Paperback blog

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The Obvious and The Future

December 14, 2013

I wanted to give a bit of an update on Paperback, now a couple months old.

What I launched initially was a very simple “blank slate” concept and I’ve been listening to how people use it and understanding more about how I myself have been using it to help decide where I want to go with product development.

The Obvious

The only way to get a great reading experience on iPhone and iPad (the device I like reading on the most) is with a native iOS app. Today I loaded up the first development build in the iOS simulator. There’s still a ways to go with it but work is getting done on it.

The Web

The desktop web is an important part for Paperback. Already there are some slick features for power users and people are using Paperback for real research and work at their desks rather than just reading for pleasure.

How They Come Together

I’m re-architecting the technology stack Paperback uses to prepare for the long term of having both a solid app and web site as well as being able to provide the experience I want in both. The gist is that I see both the app and the web as clients talking to an API1. Having the API run separately means that I can reduce the complexity in having to build logic on each side and in the long run hopefully have a more unit testable and bug-free system. If my API is doing the heavier lifting, like parsing and sync logic then I can rely on lighter clients. I’m building out the existing Paperback features (plus some updates for accessing Tagging and Archiving while on touch screens) with a dynamic Javascript framework2 rather than just having my PHP app rendering the views like they are now. My goals with this move is to have a more reactive and quicker interface on the web while getting on to a framework that will allow for more rich features down the road. A bonus with this is it’ll work as a chrome-less webapp on iOS when you save it to you’re home screen but unlike, you’ll be able to use it in Safari as well. This will be a bit of a stopgap until the native app is shipping.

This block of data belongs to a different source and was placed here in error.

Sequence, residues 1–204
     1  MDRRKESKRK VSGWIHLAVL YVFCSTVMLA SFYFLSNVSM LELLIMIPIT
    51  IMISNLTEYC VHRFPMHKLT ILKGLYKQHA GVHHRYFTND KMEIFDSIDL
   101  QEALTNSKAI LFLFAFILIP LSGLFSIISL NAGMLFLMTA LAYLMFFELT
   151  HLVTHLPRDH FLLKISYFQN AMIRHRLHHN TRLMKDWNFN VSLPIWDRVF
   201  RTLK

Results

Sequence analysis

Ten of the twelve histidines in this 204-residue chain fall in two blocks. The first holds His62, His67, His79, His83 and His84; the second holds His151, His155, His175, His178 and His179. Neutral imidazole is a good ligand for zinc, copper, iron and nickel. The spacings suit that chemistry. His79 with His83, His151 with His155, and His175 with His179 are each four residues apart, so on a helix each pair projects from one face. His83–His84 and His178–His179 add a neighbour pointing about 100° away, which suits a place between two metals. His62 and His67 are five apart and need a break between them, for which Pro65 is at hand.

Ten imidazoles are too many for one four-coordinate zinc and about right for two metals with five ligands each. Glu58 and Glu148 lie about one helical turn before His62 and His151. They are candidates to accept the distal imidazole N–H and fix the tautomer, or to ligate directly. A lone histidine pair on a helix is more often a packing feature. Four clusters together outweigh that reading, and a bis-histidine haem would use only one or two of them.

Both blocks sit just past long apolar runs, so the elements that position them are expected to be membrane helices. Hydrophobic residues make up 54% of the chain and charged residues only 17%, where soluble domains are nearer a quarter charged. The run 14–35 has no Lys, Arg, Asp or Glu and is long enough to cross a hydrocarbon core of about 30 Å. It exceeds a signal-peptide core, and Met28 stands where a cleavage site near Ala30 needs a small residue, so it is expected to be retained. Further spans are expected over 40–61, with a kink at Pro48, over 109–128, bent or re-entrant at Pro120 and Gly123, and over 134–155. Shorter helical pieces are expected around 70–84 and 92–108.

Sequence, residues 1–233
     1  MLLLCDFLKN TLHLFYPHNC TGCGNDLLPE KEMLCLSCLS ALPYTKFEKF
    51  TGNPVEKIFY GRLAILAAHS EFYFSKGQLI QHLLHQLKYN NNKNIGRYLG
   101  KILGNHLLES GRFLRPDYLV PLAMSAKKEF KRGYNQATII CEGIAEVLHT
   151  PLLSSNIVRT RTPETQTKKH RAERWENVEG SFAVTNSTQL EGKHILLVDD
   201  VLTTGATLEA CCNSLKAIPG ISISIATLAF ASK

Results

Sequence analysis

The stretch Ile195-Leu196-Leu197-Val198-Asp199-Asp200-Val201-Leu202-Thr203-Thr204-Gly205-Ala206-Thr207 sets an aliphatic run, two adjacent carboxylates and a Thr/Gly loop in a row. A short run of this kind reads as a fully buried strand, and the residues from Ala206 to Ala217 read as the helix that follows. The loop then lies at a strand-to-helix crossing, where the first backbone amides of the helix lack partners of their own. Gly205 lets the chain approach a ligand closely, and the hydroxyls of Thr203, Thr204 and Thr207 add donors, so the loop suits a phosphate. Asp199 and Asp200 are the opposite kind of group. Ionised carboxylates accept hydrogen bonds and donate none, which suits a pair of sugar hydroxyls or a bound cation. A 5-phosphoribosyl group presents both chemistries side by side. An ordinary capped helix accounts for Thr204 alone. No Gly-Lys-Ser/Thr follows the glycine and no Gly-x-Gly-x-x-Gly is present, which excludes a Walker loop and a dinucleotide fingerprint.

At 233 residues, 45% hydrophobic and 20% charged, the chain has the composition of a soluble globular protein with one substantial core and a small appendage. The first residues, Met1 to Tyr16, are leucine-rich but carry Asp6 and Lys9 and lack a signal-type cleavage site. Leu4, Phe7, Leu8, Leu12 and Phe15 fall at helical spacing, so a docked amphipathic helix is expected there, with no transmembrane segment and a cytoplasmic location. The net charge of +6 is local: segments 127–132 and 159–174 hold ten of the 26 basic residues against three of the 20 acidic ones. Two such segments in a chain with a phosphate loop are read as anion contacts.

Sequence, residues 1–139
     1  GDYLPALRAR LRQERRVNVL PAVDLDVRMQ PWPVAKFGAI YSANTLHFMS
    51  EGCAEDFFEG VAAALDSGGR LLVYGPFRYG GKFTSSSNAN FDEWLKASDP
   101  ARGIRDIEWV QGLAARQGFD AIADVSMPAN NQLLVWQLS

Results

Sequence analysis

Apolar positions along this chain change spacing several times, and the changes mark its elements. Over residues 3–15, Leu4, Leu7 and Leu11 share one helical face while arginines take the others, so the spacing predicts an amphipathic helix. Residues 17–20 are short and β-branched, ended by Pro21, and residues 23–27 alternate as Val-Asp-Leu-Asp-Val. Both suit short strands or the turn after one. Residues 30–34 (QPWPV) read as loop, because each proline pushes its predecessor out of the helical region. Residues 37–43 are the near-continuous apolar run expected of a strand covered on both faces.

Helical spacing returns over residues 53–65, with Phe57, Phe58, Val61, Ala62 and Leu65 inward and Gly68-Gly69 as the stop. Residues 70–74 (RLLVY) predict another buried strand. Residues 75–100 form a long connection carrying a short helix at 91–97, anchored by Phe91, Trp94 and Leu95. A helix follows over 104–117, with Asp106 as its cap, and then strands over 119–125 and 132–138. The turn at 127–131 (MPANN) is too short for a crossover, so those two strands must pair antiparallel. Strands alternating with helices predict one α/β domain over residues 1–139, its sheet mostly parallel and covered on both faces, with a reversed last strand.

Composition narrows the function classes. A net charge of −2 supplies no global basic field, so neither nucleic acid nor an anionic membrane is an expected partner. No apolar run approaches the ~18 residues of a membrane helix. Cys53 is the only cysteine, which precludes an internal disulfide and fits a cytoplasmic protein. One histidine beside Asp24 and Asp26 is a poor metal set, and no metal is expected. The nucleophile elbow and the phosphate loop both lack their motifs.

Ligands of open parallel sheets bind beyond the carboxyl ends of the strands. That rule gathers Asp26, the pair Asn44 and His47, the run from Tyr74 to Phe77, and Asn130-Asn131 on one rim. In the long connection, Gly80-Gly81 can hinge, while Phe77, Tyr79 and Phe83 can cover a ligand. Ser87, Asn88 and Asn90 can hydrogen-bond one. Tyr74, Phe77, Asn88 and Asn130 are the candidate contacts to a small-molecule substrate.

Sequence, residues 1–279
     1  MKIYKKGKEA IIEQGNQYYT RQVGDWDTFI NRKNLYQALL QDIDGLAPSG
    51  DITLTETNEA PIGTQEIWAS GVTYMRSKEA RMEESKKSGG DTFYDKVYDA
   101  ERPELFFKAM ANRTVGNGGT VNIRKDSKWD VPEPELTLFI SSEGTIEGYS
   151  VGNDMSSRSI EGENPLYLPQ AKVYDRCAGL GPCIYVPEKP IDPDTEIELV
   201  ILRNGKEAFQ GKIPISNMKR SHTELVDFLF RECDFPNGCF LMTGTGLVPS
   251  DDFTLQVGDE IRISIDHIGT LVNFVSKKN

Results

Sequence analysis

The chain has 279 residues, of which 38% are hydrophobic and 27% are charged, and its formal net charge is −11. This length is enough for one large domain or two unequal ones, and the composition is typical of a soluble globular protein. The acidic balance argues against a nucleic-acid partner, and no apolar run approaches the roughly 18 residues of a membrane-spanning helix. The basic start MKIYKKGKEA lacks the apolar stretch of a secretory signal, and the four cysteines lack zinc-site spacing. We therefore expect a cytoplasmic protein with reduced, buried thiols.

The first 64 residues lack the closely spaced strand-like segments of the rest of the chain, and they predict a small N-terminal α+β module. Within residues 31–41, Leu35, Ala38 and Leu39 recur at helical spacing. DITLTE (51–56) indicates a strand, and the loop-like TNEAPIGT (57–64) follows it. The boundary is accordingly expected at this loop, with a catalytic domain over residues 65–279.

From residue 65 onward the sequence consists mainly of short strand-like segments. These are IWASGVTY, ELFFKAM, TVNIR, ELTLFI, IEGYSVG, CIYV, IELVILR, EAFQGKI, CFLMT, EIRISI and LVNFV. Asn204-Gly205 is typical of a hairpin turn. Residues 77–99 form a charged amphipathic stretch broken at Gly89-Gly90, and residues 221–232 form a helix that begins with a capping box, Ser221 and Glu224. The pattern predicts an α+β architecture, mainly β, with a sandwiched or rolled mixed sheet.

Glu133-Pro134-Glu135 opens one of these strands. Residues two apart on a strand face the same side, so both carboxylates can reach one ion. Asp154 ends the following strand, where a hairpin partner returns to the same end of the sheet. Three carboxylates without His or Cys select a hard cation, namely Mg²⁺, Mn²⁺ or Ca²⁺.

I think I have a pretty solid feature set in my head for 1.0 of a universal iOS app but if you’d like, send me some thoughts on what you want to see in it.

  1. Private at least until I see a good reason to make it public.↩︎

  2. Angular, if you’re curious.↩︎